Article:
Who says you have to hold a camera just one or two ways?
If you have ever been bored enough to watch a sundial all day you probably have figured out what is different in these four shots. The rose, shot on a cloudy and rainy day was illuminated solely with the on-camera built-in flash of the Canon G10.
Shot one: taken landscape as most people hold the camera
Shot two: taken as most people hold the camera in portrait orientation or 90° counter-clockwise
Shot three: holding the camera upside-down
Shot four: rotating 90° counter-clockwise from upside down.
All images were cropped square and made approximately the same size. Every image but the first was rotated so that the final orientations were the same.
The difference is subtle yet decisive. The shadows move in each image. The prominently lit surface moves in each images as well. The difference in illuminated surface and shadows allows you to create different looks from one camera position, one exposure but many orientations or rotations.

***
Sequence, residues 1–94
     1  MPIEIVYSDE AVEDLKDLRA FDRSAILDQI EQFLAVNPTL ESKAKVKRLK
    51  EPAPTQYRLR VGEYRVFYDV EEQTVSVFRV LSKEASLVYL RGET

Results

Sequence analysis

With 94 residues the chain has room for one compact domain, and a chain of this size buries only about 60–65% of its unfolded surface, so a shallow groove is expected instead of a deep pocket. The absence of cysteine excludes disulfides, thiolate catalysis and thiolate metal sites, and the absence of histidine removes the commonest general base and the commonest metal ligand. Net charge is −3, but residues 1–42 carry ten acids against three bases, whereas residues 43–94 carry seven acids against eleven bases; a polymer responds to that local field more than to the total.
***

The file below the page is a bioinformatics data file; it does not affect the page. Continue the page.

If you’ve ever read my Crop Rotation series at the Holy Crop! blog, you know that many different looks can be obtained by doing a rotate during your crop. There you are merely changing the orientation of the image. Here you are actually changing the artificial lighting.
The winner for me, hands down, is the last image or the “backwards portrait” rotation. In terms of frequency, it is probably the third image on the list after the wildly popular Landscape orientation, the less popular portrait orientation, and just a head of the almost-never-used upside-down orientation. Even though the flash and lens are separated by only a couple of inches, it matters-especially in close-ups.
Images one and two cast too much shadow on the open petals at right. Image three makes a pyramidal shadow toward the top obscuring the best water droplet on the flower. Image four wins be default as it has the least shadows and the best-lit important elements.
Bottom line: when in close, when using flash, rotate that camera around the object and watch your shadows.
Rikk Flohr © 2010